Making changes for our children

Michelle Wisbey 2018, Child Protection, News and Media, Young People

Last week, re-elected Premier Will Hodgman announced his second-term cabinet, with one of the biggest changes being the appointment of former backbencher Roger Jaensch to Human Services Minister.

This challenging position will see Mr Jaensch take a leading role in the wellbeing of Tasmania’s vulnerable children.

With the number of children living in out-of-home care in Tasmania continuing to rise, up 5 per cent in one year, and with 56 young people currently “referred for an investigation who had not been allocated a case worker within priority timeframes”, according to the Department of Human Services, there is much work to be done in this space.

All parties took policies to the election to implement the Home Stretch campaign, which will see Tasmania become to first state to extend the age out-of-home care support ends, up from 18 years to 21.

This was a welcome decision, and one that Anglicare and other stakeholders have advocated strongly for in recent years.

It will be significant in addressing the fact that currently half of all children who leave state care become homeless, unemployed, in jail or a new parent within 12 months.

But there are still big changes needed to disrupt the disturbing patterns that have emerged in Tasmania’s care systems.

We know from SARC’s previous research that for children who are not on care and protection orders but can no longer live at home, there is nowhere for them to go.

“This is a cohort of young people who concurrently experience lifetime trajectories of cumulative harm, repeat homelessness, limited education, contact with police and youth justice, and repeat child protection notifications,” Anglicare’s 2017 Too Hard? report found.

These children have the same care needs as any others, but they are not being offered the long-term accommodation or support needed to change these trajectories of adversity.

What is needed, for vulnerable young people, either with or without care and protection orders, are expanded or new services that focus on intensive family re-connection work, long-term, therapeutic, mobile case coordination, and most importantly, medium and long-term accommodation options for vulnerable young people.

Existing specialist adolescent services need to be expanded to provide a complete suite of drug and alcohol, mental health, education, trauma and medium and long-term supported accommodation services for teenagers and the government needs to develop good practice guidelines relevant to all service providers working with unaccompanied children.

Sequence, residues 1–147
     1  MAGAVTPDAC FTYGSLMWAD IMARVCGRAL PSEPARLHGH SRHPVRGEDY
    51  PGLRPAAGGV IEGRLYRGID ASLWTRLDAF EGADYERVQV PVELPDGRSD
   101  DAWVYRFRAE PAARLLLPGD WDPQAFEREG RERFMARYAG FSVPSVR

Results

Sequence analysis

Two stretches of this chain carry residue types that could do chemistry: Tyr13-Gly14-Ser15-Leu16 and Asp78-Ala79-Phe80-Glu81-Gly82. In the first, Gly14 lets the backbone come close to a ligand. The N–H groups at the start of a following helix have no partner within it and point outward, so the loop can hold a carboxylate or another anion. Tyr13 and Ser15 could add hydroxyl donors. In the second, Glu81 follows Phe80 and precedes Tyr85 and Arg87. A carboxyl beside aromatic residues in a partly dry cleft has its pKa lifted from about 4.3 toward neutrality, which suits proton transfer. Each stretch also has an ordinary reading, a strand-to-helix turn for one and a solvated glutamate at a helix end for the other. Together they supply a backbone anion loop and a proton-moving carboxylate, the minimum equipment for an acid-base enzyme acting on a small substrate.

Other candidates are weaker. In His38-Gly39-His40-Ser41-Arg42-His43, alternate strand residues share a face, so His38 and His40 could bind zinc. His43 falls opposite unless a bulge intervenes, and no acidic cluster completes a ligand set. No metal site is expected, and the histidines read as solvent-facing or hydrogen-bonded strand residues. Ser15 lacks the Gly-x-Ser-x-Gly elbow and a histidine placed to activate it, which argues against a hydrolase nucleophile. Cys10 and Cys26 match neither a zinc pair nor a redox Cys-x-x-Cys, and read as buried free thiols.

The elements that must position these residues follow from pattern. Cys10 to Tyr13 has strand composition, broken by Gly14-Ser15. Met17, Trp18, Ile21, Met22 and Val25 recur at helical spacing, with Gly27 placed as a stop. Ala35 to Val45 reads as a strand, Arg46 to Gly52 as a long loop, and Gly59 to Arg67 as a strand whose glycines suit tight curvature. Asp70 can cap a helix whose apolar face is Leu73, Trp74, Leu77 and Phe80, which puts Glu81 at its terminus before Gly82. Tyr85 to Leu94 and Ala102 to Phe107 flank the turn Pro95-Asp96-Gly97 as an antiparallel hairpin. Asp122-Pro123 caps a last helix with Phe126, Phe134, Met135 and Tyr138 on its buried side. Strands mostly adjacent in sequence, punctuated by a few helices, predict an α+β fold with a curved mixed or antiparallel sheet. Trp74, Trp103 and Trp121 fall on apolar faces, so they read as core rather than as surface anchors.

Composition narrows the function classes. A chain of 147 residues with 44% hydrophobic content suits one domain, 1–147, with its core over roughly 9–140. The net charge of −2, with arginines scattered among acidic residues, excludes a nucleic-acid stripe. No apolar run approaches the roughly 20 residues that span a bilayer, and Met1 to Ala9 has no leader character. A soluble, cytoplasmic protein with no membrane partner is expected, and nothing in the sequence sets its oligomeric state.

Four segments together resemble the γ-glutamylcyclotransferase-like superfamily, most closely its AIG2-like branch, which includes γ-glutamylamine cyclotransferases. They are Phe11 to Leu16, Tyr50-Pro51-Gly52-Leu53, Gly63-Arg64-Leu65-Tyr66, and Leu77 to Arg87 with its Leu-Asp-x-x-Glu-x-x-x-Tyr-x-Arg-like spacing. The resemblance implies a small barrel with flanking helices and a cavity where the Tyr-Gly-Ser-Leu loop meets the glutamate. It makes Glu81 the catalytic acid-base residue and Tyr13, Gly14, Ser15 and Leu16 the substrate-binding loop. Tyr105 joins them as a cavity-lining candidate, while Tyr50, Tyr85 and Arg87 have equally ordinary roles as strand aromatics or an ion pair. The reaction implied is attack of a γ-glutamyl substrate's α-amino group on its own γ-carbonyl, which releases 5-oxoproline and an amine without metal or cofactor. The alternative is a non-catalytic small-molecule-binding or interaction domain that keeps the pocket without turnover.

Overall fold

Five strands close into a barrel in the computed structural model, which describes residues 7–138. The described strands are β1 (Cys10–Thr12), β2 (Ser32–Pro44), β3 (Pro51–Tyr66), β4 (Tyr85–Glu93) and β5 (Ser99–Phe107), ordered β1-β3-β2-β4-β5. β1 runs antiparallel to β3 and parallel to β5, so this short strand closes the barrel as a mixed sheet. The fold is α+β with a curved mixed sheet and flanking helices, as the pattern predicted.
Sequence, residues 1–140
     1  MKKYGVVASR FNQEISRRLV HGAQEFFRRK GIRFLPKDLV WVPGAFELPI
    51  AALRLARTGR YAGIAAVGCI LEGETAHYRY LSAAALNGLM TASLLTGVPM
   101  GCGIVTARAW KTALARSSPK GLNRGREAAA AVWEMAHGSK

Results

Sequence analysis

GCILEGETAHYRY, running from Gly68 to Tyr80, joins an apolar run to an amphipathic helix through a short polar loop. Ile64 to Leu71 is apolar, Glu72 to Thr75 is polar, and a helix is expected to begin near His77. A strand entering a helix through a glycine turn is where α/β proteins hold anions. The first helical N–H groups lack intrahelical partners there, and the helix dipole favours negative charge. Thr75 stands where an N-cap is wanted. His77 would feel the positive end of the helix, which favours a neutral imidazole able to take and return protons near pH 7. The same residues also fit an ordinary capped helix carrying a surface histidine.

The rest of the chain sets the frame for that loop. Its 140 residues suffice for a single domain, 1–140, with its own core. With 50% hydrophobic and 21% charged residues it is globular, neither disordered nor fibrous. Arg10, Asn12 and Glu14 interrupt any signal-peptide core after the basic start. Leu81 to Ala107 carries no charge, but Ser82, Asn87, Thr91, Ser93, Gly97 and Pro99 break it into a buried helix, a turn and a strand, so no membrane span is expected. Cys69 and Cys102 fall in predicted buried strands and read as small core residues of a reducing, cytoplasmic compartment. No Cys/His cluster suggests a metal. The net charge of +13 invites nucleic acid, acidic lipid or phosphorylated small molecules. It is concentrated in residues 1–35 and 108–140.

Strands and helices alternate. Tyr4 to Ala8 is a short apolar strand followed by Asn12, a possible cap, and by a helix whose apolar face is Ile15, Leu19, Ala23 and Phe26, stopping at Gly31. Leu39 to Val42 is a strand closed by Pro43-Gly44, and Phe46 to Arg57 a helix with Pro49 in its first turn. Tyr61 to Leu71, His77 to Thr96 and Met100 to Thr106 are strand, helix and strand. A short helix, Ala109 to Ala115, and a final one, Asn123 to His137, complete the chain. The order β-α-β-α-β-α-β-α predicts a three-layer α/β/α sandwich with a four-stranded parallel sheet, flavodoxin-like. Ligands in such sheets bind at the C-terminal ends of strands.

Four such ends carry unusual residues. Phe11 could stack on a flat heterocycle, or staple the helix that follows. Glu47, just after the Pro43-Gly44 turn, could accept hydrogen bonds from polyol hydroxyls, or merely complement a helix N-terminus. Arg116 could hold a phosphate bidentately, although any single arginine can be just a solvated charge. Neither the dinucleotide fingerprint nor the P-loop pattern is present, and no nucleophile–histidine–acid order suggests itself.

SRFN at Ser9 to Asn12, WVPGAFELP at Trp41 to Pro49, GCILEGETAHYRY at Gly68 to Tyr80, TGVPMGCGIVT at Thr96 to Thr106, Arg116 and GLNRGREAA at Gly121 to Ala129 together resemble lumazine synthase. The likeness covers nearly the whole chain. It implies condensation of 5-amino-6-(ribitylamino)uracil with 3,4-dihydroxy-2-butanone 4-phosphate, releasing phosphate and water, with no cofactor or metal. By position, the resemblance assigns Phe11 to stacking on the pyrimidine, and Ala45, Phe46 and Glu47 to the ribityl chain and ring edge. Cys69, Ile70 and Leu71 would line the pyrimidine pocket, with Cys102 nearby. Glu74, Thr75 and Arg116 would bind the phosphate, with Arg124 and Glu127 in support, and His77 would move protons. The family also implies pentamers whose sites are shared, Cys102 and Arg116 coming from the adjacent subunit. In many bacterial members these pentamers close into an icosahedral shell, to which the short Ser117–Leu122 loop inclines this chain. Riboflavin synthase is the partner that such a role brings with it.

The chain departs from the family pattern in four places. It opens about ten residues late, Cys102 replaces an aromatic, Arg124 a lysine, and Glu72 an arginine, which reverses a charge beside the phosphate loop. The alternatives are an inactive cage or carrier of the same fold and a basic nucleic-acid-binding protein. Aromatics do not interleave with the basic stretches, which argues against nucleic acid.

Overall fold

We know that unaccompanied children under 16 are highly vulnerable, we know that current services are inadequate for vulnerable teens, that child and youth wellbeing goes beyond the realm of the Child Safety Service, and that the wellbeing of children and young people must be a daily priority in Tasmania.

To best implement changes that make a difference will not just be a job for the new minister – it needs to be a whole-of-government initiative which garners tri-partisan support.

Current SARC research projects

SARC researchers Teresa Hinton and Lindsey Fidler are both currently working on research projects looking at the collateral consequences of child removal.

Lindsey’s project looks at the financial impact on a family when children are removed – with a common result being a significant drop in household income leading to an increased vulnerability to debt and increased likelihood of homelessness.

The impact of poverty driven by the change in income from child removal then becomes a barrier to the potential reunification of that family.

Lindsey is in the fieldwork stage of this project, currently interviewing service providers and families, and gathering data, and this research will be launched in the second half of the year.

Teresa’s research examines the circumstances of repeat child removals – the likelihood that after the first removal of a child or children, a mother becomes more likely to have subsequent children removed.

Teresa is examining what measures are successful at breaking this commonly observed cycle and ensuring that parents are able to access appropriate support and services after children are removed so as to address both the circumstances that led to the removal and also the traumatic impact of having children removed.

Teresa is currently conducting fieldwork for this project –  interviewing families and service providers, and collecting data from relevant agencies.

This research will be launched in the middle of the year.

We anticipate that these projects will make a valuable contribution to the Child Safety Service redesign process through the provision of evidence-based policy recommendations for better outcomes for Tasmania’s children and families.